5 Min Read.
While we are experiencing a boom in the Victorian housing market people are starting to ask “will it last?” A fair question to ask. Especially if you’re looking to buy property in the last quarter of 2021. Many real estate and economic industry experts are already coming out and predicting that the boom is unlikely to last given the weak growth in wages and population we’ve seen post-COVID-19.
Property prices in Victoria did soar when the real estate market reopened after the state’s longest COVID-19 lockdown. Now Victorian stamp duty rates are forecasted to rise 12.7 per cent during 2021-2022. This rise is also following a 3 per cent fall from earlier in the year. There are likely to be many more rapid changes to the Victorian budget which will see house prices increase or decrease in the next couple of years.
COVID-19 will continue to affect our livelihoods here in Victoria thanks to restrictions such as border closures. With overseas travellers barred from entering Australia it’s likely we won’t have an influx of new immigrants coming in for the next two to three years. It’s these immigrants which help to stimulate Victoria’s population growth year after year. The same can be said for international students which helped to create a thriving student housing industry before COVID-19.
Interested to see how the Victorian budget will affect the housing market over the next few years? Let’s take a deep dive into the numbers so far and what economic experts are predicting.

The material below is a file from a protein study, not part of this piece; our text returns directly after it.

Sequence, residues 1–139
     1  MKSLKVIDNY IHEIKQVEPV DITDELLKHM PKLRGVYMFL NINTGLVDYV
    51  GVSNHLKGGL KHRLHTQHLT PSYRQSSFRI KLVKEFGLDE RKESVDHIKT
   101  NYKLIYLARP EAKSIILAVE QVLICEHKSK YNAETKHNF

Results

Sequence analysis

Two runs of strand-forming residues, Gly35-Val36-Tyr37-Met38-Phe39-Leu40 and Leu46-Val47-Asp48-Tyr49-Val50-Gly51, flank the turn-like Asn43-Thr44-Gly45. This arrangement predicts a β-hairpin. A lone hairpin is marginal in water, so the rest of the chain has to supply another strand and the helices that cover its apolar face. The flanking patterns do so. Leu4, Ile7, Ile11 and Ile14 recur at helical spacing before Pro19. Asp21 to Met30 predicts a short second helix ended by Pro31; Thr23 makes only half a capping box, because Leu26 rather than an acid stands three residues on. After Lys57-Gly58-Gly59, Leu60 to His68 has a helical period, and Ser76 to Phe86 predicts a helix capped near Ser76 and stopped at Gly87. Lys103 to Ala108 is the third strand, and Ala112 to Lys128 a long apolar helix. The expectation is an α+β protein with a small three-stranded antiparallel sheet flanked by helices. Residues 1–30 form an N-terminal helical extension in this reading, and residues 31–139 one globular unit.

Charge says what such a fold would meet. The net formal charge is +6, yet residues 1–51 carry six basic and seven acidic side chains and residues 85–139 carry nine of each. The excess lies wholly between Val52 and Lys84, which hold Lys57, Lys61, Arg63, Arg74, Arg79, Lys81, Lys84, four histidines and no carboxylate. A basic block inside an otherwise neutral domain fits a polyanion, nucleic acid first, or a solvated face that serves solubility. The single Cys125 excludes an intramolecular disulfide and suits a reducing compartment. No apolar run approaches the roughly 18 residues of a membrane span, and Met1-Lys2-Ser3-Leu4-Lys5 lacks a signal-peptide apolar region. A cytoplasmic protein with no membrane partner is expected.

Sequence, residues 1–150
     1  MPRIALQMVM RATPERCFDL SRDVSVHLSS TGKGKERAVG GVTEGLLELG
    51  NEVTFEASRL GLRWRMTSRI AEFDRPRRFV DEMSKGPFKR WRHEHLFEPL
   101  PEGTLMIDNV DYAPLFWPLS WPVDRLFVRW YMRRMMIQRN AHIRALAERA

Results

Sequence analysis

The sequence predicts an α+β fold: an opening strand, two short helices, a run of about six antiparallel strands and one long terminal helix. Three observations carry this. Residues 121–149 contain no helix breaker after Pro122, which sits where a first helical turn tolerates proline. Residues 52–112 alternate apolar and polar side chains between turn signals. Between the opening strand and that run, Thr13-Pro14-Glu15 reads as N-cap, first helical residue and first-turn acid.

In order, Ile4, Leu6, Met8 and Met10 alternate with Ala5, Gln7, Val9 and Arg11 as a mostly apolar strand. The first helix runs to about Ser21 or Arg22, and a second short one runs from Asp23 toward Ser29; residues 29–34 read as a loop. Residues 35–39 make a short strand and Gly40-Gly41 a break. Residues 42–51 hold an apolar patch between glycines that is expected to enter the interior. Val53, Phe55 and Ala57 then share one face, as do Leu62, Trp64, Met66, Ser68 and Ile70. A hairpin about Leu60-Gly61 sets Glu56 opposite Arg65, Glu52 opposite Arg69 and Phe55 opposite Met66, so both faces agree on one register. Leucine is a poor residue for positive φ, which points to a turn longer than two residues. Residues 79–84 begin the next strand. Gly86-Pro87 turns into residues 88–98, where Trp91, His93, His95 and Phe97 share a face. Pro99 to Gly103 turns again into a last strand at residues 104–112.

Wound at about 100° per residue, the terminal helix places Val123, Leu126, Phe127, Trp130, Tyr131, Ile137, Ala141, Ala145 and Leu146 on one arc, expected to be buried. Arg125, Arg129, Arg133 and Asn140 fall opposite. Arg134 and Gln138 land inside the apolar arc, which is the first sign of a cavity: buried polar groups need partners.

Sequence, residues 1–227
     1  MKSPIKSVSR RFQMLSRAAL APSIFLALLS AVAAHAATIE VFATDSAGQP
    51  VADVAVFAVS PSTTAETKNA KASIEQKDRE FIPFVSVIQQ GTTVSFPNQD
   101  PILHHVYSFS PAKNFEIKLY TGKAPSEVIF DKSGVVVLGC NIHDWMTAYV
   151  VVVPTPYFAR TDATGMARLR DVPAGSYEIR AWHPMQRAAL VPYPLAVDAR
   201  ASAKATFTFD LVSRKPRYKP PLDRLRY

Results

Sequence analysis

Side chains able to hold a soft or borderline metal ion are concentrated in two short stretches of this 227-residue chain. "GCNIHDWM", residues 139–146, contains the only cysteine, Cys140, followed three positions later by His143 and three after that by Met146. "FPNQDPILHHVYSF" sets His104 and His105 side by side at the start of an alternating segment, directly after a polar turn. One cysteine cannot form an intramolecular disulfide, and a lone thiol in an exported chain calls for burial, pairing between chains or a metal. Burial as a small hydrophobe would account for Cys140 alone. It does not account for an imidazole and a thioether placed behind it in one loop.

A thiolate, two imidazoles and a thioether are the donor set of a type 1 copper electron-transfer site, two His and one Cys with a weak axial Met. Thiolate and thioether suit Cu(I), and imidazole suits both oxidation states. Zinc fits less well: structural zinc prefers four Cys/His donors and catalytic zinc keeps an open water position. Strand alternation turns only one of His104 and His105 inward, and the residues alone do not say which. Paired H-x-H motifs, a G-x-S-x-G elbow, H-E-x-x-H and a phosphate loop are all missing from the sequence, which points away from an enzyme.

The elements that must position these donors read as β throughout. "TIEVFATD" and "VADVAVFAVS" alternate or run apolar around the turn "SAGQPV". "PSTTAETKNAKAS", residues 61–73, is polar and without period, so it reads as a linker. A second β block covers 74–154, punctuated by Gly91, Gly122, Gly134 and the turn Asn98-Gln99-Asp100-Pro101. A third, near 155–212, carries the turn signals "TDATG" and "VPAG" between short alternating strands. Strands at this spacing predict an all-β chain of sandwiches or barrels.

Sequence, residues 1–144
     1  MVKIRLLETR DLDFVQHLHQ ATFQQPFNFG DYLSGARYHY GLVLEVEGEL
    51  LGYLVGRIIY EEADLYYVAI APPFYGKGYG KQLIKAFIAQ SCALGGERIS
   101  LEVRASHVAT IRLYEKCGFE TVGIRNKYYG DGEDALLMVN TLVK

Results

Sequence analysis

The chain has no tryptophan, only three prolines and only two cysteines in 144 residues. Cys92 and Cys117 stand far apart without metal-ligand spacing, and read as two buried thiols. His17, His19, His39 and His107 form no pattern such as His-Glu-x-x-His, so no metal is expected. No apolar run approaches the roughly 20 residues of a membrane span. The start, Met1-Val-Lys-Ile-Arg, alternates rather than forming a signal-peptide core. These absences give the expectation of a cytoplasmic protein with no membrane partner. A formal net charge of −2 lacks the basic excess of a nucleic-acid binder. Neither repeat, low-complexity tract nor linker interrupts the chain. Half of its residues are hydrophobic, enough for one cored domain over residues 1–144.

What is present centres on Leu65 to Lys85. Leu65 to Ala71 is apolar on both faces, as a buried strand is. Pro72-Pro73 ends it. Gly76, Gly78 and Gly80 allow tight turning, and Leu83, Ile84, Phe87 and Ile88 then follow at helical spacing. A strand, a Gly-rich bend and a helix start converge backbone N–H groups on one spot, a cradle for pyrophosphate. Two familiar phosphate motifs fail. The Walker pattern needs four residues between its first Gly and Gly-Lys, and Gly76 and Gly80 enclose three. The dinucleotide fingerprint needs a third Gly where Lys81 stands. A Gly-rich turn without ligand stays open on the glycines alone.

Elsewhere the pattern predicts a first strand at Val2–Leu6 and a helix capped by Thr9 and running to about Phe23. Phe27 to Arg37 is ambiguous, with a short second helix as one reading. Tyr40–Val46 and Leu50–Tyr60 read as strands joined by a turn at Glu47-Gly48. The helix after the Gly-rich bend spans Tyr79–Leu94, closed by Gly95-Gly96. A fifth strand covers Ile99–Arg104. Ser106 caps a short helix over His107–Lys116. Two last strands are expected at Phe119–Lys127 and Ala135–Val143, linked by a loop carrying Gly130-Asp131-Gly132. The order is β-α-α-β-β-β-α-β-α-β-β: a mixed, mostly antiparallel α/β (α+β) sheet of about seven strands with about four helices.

Thinking of selling property this year? Get in touch with your local Vendors Advocate in Melbourne for support every step of the way.
The combination of ultra-low interest rates, upbeat sentiment, and new government concessions created a perfect storm for new home buyers. The realisation that more office work can be done remotely also encouraged many families and working couples to take the leap and move out further from the CBD where housing is considerably cheaper.
With fewer properties for sale, the Victorian housing market has been quite competitive. This competition in the housing market has naturally helped drive up house prices to the likes which we haven’t seen since the late 1980s. But this boom in house prices is predicted to slow or at least moderate because of the weak population growth caused by the closure of our borders to international visitors.
As for when we see a boost in population it’s anyone’s guess right now. There is definitely a baby boom happening right now in states like Victoria. But this baby boom is unlikely to affect buying attitudes. What will continue to affect buying attitudes for the immediate future is population growth. Our population is no longer growing as rapidly as it used to thanks to our borders being closed.
When borders reopen and house buying immigrants come back we will finally see a boom in property sales. But so far it’s been very difficult to predict when borders reopen thanks to the unpredictable nature of the COVID-19 epidemic. We likely won’t see our borders reopen completely until Australia has high vaccination numbers. There will also need to be more confidence in COVID-19 procedures from other countries until our borders are officially open to them too.
Stamp duty is set to get a big boost thanks to plans for increasing the tax payable on homes worth more than $2 million. Stamp duty will be increased from 5.5 per cent to 6.5 per cent. This increase is part of a property tax hike that will increase land tax and charge developers who try to take advantage of windfall rezoning gains. The change is pitched as a bid for those who have done well, asking them to pay their share and contribute back in an equitable way.